Review: Fujifilm GFX 50S II
It doesn’t seem all that long ago the first GFX camera hit the market, with the GFX 50S launching just five years ago in 2017.
Since then, we haven’t seen any other companies dive into the format with as much confidence as Fujifilm has and, with the GFX 50S II, it’s clear the Japanese company feels an iterative update rather than a wholesale one is the order of the day.
As such, on paper there doesn't appear to be much of a difference between the 50S II and its predecessor, yet the new body and a few internal changes – combined with a more affordable price point – might entice certain photographers to jump ship to medium format.
The GFX 50S II shares a lot more with the GFX 100S model than it does with the older original GFX 50S. The benefit of this is that users receive many of the advancements and improvements we’ve seen in the last five years. Does this make it a better choice for those interested in moving to full frame? Paired with Fuji’s 30mm f3.5 WR lens, I took it for a spin to find out.
Built on the same chassis as the GFX 100S, the GFX 50S II is a solid system that has moved away from the original boxy shape of the GFX 50S. In fact, the new design feels and looks more like a DSLR. Both the GFX 100S and 50S cameras share the same magnesium alloy, weather-resistant body as well as the same PASM control dial and LCD screen on the top plate.
The rear LCD screen, electronic viewfinder and AF joystick are also familiar additions inherited from the GFX 100S. Both cameras with battery and cards inserted weigh 900g, which is lightweight for medium format systems.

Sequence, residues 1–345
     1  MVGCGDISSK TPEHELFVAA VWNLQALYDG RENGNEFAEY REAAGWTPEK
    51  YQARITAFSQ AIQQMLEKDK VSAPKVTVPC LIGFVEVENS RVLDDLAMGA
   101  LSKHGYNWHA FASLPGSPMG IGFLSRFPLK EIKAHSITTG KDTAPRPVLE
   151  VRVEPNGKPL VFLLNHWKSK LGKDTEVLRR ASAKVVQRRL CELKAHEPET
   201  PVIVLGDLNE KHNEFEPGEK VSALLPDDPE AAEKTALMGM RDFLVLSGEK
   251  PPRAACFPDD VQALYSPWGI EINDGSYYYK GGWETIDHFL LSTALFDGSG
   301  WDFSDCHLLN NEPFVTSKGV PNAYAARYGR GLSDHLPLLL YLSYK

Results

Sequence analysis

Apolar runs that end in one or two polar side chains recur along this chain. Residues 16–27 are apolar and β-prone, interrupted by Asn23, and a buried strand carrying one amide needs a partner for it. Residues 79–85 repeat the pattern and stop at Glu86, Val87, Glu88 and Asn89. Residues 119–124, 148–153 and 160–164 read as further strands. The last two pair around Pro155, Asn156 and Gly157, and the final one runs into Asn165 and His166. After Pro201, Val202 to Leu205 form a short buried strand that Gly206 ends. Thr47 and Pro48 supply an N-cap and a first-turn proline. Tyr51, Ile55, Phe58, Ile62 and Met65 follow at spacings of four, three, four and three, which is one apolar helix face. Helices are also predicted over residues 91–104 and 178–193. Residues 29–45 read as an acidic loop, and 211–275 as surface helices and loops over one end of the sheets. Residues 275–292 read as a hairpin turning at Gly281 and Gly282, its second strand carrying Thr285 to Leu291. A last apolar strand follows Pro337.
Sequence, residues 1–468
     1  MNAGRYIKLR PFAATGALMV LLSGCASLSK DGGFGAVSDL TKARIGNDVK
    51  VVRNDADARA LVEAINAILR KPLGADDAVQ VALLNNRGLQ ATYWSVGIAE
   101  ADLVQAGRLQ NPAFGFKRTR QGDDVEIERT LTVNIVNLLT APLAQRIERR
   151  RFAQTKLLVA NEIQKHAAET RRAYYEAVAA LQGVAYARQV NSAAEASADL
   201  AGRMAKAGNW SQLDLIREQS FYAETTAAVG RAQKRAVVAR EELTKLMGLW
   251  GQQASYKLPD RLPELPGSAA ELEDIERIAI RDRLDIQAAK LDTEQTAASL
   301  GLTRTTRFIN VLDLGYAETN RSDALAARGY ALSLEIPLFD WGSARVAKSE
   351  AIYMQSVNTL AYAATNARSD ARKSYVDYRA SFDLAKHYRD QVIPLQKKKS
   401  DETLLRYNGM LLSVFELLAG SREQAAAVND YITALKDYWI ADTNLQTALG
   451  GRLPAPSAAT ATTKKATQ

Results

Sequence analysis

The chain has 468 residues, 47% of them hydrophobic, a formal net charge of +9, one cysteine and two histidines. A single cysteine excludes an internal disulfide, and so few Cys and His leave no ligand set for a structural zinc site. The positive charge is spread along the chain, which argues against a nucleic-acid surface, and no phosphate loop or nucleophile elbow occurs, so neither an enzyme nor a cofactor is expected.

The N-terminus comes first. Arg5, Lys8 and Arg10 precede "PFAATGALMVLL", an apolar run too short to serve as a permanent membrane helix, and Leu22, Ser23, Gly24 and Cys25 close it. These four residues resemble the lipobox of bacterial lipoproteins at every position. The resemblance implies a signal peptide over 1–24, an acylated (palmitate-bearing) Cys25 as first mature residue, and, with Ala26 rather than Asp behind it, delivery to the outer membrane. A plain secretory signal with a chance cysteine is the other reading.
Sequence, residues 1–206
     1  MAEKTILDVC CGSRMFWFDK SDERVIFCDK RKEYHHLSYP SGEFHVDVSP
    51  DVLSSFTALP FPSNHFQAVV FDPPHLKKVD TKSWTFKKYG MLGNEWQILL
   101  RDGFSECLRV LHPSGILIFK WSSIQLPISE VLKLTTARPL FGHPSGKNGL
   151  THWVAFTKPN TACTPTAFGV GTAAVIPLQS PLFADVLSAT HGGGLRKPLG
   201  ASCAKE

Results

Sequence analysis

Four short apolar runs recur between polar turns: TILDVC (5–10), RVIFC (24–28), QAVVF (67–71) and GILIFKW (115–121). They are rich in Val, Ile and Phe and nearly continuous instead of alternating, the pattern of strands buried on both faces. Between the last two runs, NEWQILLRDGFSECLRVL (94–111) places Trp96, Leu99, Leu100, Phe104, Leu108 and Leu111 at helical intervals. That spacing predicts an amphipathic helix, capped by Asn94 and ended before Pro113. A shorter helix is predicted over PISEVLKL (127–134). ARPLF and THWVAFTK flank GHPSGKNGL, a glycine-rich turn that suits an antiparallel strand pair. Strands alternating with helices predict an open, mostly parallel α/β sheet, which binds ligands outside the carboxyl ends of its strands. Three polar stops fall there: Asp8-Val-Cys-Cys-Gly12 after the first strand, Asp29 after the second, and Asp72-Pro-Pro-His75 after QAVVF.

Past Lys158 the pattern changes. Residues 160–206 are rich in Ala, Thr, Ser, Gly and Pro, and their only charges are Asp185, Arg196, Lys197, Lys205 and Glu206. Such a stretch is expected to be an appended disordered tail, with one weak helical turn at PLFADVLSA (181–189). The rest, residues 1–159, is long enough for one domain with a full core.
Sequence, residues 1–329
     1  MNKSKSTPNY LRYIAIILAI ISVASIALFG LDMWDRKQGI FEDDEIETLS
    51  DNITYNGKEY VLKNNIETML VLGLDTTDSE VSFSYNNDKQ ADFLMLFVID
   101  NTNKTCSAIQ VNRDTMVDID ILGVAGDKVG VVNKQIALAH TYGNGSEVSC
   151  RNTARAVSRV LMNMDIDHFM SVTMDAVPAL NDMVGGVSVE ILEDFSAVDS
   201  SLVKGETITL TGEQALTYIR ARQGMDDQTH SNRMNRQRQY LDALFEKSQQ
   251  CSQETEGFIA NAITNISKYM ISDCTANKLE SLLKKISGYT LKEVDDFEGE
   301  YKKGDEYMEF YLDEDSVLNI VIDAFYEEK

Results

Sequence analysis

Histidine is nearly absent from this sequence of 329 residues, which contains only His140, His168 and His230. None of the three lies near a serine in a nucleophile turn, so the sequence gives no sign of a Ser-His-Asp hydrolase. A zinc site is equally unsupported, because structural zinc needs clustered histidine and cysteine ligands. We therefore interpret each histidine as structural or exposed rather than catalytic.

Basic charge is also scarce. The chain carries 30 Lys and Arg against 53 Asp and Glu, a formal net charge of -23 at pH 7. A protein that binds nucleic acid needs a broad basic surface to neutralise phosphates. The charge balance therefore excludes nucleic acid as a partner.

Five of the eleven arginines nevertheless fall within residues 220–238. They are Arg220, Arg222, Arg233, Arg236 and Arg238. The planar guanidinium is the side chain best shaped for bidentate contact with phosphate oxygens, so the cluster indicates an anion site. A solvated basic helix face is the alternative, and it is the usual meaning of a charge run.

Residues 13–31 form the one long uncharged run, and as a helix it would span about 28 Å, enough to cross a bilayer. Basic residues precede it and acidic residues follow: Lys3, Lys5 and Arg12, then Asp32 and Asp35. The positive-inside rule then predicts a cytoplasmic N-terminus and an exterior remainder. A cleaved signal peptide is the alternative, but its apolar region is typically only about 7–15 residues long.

It’s easy to see that Fujifilm considers the GFX 50S II’s major competitors to be the new generation of large megapixel 35mm sensor cameras rather than the larger traditional medium format offerings. It’s likely why the GFX 50S II has both a smaller body and price, allowing it to compete with cameras such as the Canon R5, Sony A7R IV, Nikon Z7 II and Panasonic Lumix S1R.
With an effective resolution of 51.4 megapixels (44x33mm), the Mark II is comparable to these cameras, but some users might be disappointed to learn it has a conventional sensor chip, not BSI (back-side illuminated) like the chip in the 100S.
The built-in five-axis sensor-shift stabilisation inherited from the GFX 100S is a nice addition that helps distinguish the 50S II model from the original 50S or the 50R. IBIS isn’t new to Fujifilm’s medium format cameras, but the IBIS in the Mark II manages half a stop more than the one in the GFX 100S with 6.5 stops - quite impressive.
Finally, anyone switching from the GFX 100S will be happy to know it uses the same NP-W235 batteries, which are rated to around 460 frames per charge. Other welcome additions include dual SD card slots, USB-C charging and transferring, 3.5mm jacks for both mic and headphone input, mini-HDMI and a PC sync port.
Fujifilm claims the use of a newer processor in the new camera makes it faster than past GFX 50 models, yet without the distance-aware phase-detection AF of the GFX 100S, it's still lagging a little.
Given the incredible technological advancements in autofocus speed, tracking performance and usability by other camera manufacturers, it does feel like the GFX 50S II is a bit of a backwards step, but it’s worth remembering that this is no sports camera. Instead, it’s aimed at a more considered style of photography.